RAYMOND – Raymond Central High School Speech Coach Carolyn Enevoldsen said the speech team had a goal of finishing within the top five of the 2021 Class B Nebraska State Speech Tournament.
Entering state, Raymond Central had six qualifiers. In the end, senior Hunter Kohl, freshman Olivia Nelson, junior Eleanah Enevoldsen and senior Grace Cadotte all broke finals and went home with medals. Calleigh Osmera and Rosalie Tvrdy both qualified and competed, but did not break finals.
In the team sweepstakes, Raymond Central placed fifth, meeting the team’s original goal. While the team hoped for a higher place, Enevoldsen said numbers are a huge challenge, especially when competing with larger schools with more qualifiers.
“There’s always some heartbreak in state and it sucks but overall it’s a fun tournament,” she said.
Kohl placed fifth in dramatic interpretation, Nelson placed third in informative, Eleanah Enevoldsen placed fifth in persuasive and Cadotte placed sixth in poetry. The Waverly News spoke with seniors Kohl, Osmera and Cadotte about their experience in the state tournament as well as a season during a pandemic.
The seniors felt the team’s success was rewarding especially because they were competing against many larger schools.
“I think it went really well,” Kohl said. “I think we had a lot of people break in the finals and then we also did pretty well as a team in the overall ranking”
Despite certain COVID-related obstacles, the season went well.
“I feel like the whole season went really well,” Osmera said. “It was kind of off to a weird start with the whole virtual thing and not being able to compete in person. I feel like for the challenges that we’ve faced with it being online we did super well and we found very good success.”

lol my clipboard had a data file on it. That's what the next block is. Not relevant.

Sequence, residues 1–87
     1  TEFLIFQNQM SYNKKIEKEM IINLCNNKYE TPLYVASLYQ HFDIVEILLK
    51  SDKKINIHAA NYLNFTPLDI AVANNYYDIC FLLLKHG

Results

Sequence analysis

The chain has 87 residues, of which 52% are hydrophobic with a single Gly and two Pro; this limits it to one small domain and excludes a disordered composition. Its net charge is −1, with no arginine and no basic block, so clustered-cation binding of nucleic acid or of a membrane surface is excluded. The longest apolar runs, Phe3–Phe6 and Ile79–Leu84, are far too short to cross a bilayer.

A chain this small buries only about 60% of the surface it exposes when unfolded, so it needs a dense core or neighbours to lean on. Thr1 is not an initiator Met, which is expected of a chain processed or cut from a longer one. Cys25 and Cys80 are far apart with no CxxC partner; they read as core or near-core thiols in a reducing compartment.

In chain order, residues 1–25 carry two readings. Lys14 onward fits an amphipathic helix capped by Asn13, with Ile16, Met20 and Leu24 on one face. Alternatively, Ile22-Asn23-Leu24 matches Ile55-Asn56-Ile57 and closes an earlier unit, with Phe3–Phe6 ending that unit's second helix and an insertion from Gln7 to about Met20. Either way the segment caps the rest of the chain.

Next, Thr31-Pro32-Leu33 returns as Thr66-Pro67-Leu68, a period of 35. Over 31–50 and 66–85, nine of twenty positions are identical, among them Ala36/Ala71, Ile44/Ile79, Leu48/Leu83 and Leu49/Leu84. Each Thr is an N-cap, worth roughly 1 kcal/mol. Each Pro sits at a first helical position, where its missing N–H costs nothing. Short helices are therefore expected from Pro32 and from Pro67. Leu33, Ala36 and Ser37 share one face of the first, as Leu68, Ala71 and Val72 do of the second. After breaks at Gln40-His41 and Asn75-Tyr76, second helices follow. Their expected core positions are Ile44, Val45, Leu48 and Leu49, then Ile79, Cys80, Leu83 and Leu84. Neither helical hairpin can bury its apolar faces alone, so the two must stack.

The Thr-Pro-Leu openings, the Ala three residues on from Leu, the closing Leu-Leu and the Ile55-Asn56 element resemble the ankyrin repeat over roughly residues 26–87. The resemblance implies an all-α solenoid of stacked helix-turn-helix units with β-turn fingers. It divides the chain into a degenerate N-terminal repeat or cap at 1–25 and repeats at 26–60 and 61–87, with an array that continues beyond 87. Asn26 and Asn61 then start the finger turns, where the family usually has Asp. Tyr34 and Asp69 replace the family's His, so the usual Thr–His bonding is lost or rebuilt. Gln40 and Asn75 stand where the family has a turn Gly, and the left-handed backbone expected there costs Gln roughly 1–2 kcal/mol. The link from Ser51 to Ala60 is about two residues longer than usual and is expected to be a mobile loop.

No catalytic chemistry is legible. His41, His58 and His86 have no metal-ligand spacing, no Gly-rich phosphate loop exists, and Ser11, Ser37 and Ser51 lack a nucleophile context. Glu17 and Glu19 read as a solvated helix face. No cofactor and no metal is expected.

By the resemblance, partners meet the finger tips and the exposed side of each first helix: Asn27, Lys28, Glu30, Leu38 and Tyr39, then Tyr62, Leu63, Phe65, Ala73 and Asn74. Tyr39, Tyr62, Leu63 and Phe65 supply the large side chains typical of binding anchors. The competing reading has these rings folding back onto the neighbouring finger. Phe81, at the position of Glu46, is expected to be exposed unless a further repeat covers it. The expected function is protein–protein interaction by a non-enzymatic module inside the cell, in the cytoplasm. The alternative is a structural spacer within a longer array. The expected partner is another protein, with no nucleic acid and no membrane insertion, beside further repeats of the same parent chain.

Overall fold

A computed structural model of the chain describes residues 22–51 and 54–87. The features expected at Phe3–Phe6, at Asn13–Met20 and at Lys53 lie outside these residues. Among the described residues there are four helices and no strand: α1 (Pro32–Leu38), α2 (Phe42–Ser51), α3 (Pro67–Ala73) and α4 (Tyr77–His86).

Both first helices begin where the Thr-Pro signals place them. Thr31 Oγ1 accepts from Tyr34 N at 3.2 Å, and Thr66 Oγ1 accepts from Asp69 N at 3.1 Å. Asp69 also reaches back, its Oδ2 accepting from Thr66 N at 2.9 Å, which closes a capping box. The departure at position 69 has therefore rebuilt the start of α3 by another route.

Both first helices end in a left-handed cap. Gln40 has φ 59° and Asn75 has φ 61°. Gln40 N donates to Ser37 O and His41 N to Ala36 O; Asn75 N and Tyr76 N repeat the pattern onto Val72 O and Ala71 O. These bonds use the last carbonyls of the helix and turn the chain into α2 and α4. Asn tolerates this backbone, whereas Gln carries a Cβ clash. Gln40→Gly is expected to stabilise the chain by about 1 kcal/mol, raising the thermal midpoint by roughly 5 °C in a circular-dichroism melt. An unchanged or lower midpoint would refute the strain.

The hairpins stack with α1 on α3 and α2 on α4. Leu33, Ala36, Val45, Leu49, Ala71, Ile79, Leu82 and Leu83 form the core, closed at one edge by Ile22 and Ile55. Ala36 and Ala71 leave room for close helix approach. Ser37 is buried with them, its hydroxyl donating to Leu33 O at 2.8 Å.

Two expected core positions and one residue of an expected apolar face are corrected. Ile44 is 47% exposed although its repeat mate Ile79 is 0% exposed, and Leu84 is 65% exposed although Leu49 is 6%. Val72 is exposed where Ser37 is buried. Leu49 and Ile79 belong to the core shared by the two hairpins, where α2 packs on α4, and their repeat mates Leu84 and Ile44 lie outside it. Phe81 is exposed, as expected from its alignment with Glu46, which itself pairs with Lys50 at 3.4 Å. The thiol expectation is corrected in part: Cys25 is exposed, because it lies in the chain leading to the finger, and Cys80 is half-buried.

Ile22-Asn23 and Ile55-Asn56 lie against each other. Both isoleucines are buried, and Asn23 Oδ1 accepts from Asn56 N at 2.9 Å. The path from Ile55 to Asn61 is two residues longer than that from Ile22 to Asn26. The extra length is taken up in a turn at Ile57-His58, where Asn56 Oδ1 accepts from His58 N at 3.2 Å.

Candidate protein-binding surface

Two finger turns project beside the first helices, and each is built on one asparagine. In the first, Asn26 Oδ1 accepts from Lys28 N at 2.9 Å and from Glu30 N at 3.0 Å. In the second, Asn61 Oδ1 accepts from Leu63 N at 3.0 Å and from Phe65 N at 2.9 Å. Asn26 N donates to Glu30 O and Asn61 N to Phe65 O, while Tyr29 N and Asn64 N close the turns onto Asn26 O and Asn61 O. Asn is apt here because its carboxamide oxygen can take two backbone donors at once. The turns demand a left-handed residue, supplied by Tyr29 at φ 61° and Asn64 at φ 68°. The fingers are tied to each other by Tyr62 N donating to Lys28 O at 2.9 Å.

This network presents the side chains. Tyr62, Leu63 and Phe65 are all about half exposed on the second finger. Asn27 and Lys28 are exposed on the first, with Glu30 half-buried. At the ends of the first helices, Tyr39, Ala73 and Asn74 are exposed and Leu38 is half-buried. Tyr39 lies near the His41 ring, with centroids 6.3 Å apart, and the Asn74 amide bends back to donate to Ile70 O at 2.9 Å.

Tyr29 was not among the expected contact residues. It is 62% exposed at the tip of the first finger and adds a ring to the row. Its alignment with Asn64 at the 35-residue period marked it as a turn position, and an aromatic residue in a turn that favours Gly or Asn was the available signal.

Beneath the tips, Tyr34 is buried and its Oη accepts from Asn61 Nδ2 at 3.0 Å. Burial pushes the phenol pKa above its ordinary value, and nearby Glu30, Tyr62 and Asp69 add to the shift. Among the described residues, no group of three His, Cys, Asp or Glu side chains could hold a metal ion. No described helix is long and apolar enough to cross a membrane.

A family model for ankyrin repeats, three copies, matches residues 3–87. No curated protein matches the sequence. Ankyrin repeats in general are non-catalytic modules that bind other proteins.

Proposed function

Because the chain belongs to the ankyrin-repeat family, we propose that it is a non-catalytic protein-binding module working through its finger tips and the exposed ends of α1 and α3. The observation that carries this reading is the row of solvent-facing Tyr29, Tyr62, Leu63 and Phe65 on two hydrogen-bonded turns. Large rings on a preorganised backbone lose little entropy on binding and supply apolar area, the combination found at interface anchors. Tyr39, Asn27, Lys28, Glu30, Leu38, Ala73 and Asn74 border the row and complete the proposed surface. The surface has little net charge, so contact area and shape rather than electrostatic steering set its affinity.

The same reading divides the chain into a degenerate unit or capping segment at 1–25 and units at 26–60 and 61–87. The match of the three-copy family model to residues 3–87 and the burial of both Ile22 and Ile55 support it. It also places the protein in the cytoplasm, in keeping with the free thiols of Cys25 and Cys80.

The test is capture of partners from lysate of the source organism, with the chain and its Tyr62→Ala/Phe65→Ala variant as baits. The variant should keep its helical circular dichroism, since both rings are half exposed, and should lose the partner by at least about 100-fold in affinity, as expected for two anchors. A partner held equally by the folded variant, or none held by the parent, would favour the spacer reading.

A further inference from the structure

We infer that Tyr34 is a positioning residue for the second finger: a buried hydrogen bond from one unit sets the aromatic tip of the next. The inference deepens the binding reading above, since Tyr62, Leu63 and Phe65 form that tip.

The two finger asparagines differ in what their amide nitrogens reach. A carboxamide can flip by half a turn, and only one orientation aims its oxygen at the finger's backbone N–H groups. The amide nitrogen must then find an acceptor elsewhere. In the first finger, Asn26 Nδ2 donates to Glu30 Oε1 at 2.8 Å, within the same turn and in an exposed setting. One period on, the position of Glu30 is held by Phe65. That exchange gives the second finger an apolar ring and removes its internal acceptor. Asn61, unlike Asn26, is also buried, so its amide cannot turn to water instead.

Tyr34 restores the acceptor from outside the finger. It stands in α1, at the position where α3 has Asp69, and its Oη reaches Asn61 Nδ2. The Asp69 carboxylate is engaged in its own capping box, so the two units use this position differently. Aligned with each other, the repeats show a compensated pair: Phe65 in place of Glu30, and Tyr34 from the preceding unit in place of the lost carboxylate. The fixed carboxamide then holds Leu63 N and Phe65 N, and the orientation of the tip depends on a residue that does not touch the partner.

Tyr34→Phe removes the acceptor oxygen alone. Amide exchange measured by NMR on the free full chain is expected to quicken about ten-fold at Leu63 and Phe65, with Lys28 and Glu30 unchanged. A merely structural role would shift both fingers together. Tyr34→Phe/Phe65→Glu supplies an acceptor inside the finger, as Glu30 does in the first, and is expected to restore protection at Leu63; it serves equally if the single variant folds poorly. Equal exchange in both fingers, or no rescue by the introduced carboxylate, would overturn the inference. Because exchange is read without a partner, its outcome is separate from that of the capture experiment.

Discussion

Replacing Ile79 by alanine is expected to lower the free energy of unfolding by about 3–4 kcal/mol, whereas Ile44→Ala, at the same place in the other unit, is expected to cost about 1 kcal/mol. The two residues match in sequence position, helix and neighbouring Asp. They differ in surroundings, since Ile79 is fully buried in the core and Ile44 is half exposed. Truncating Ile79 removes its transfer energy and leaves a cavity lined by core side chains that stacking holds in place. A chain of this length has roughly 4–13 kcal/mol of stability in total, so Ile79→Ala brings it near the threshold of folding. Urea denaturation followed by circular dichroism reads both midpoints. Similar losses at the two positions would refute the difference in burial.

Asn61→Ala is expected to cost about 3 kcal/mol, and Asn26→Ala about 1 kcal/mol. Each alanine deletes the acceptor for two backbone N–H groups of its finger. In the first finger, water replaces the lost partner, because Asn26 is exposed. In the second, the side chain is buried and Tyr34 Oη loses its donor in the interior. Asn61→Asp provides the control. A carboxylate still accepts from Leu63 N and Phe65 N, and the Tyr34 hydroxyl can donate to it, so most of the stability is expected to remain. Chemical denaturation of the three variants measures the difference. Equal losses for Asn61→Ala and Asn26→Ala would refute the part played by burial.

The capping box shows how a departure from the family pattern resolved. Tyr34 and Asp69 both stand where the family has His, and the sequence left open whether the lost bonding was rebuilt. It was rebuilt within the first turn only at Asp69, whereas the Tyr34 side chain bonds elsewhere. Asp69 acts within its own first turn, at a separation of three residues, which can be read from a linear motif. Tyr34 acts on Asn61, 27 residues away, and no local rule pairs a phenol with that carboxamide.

The team, as well as other teams throughout Nebraska, faced a few challenges throughout the season including performing virtually. The three seniors said that lacking their normal visual aids, having limited space for movement and not being able to connect with audiences all contributed to the difficulties that came with virtual performances.
“A lot of our stuff relies on audience reactions like laughing or like dramatic,” Cadotte said. “It was really weird because everyone would always either have their camera off or would mute themselves. So you got no reaction. It was just silence.”
Enevoldsen was grateful that her team was still able to have a season even though it was online for the most part after having districts and state canceled last year because of the pandemic.
“It was such a heartbreak having districts and state canceled last year and not having them able to compete,” she said. “It really was a heartbreak and was devastating. Being able to adjust and doing online, it was super awesome.”
The seniors said their time on the speech team has benefited them in many ways including public speaking and wearing professional attire. Kohl will be studying architecture at the University of Nebraska-Lincoln, Osmera will be attending Concordia University to study education and Cadotte will be traveling to Maine for an apprenticeship with Wolfe’s Neck Farms working on their organic dairy research and farm training programs. When she graduates from the internship, she will gain the title of master grazer so she can teach others about how to run a dairy farm.
Next season, Enevoldsen most looks forward to being around others and the collaborations and friendships that come with it.
“The biggest thing I miss is the face to face interaction with other students, coaches, etc,” she said. “That collaboration piece is huge in this event and it has been sorely missed this year.”